In a fairly shocking turn of events, the United Food and Commercial Workers Canada (UFCW Canada) has made a top-down deal with Uber in Canada that seems to position them as a company union and in which they seem to have agreed to promote Uber’s attempts to promote their “Flexible +” labour law “reform” campaign.
With apparently no vote by Uber workers themselves of any kind, the UFCW says in a press release that they have “hammered out a historic national agreement that provides over 100,000 drivers and delivery people on the Uber platform with strong representation and supports government reforms to provide drivers and delivery people new benefits and preserve the flexibility of their work.”
The press release continues:
Through this agreement, UFCW Canada can provide representation if requested by drivers and delivery people facing an account deactivation or other account dispute issues, including representation throughout the existing third-party dispute resolution process.
These representation services will be made available at no cost to drivers and delivery people. UFCW Canada will engage with drivers and delivery people and meet with Uber Canada on a regular basis to discuss health, safety, and other related issues.
Uber Canada and UFCW Canada have also agreed to press provincial governments to enact reforms that provide new benefits and preserve worker choice on when, where, and if to work. Uber Canada and UFCW Canada will jointly advocate for these industry-wide legislative standards – like minimum earnings standard, a benefits fund, and access to workers’ rights – across the country.
As we reported in March, 2021 when Uber first announced its “Flexible+” proposal to “reform” labour laws, unions were strongly opposed to it. The Ontario Federation of Labour (OFL) called it an attempt by app-based giant Uber Canada to rewrite “employment laws to trap its drivers in sub-minimum wage work.”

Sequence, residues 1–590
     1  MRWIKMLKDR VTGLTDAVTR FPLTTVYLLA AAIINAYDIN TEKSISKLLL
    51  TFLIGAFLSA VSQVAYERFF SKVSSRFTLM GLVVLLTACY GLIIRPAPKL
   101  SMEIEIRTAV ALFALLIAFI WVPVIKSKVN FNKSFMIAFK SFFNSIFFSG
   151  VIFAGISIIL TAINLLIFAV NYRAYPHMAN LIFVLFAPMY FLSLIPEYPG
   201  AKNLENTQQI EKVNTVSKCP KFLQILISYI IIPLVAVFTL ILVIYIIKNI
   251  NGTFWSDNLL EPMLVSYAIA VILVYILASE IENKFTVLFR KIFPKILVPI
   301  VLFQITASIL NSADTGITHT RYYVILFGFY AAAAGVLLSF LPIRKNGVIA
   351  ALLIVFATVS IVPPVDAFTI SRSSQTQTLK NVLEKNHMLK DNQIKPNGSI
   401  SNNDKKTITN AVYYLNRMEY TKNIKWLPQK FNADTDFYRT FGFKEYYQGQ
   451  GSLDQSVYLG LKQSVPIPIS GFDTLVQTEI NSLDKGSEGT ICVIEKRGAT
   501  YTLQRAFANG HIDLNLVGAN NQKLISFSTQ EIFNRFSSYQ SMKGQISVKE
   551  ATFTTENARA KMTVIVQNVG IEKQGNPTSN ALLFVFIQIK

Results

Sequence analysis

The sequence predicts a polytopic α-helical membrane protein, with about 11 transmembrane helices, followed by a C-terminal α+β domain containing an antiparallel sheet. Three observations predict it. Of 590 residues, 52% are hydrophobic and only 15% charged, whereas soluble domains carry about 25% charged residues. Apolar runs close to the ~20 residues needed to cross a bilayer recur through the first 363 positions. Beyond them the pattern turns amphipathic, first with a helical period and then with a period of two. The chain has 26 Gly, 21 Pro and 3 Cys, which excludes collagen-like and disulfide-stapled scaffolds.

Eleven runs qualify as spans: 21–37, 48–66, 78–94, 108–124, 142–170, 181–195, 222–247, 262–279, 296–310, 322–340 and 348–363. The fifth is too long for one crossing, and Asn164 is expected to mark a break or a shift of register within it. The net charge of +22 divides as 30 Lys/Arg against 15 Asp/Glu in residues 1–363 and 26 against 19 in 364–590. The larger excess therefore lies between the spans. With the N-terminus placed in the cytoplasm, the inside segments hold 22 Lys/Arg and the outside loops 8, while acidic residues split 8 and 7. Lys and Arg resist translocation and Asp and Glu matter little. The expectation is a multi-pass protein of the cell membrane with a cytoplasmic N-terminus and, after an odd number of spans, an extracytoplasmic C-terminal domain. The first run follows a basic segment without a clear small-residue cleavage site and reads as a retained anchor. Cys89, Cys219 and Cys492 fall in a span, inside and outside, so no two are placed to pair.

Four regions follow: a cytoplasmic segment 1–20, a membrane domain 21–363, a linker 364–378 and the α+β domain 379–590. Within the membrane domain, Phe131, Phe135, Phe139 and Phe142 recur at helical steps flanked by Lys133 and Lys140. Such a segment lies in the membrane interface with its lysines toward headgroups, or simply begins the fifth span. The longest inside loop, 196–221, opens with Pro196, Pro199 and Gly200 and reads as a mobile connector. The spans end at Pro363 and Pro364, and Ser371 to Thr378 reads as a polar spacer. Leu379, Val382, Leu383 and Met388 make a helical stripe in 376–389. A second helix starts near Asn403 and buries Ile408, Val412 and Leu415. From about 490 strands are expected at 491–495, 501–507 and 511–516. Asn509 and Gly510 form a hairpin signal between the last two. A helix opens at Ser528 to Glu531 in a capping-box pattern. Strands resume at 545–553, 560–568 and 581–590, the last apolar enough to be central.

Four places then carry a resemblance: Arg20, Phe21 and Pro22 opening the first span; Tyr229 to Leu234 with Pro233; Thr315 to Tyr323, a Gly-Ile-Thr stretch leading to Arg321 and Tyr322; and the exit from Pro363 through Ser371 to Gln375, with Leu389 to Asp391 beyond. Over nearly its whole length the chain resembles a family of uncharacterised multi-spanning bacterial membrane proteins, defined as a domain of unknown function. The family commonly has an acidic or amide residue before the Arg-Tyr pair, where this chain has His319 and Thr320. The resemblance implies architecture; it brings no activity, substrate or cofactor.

This new agreement has also been announced in spite of ongoing attempts by Uber workers to organize themselves and to fight for full rights as workers under labour laws.
Gig Workers United — which has been working with the Canadian Union of Postal Workers to unionize Uber and against “flexible” gig worker labour laws — responded to the new agreement by saying:
Gig Workers United CUPW represents drivers and couriers across multiple delivery apps in the GTA and beyond. We’ve earned this representation through organizing on the ground – worker to worker, by strengthening our community, and responding to the demands of workers.
Gig Workers United will continue on the path towards unionization and full and equal rights as a movement for gig workers that is led by workers. We will coordinate with UFCW about how the agreement will be rolled out.
To be clear; as gig workers, we define what our union looks like and how we make decisions. We sit at the table with our employers and put forward our collective demands and we choose the union that sits at that table with us.
Many labour law experts, activists and unionists on Twitter are expressing serious concern about the agreement.
The full details of the deal have not been released, nor how UFCW will fund it given that Uber workers will not be paying dues, but the warning signs are visible and alarming.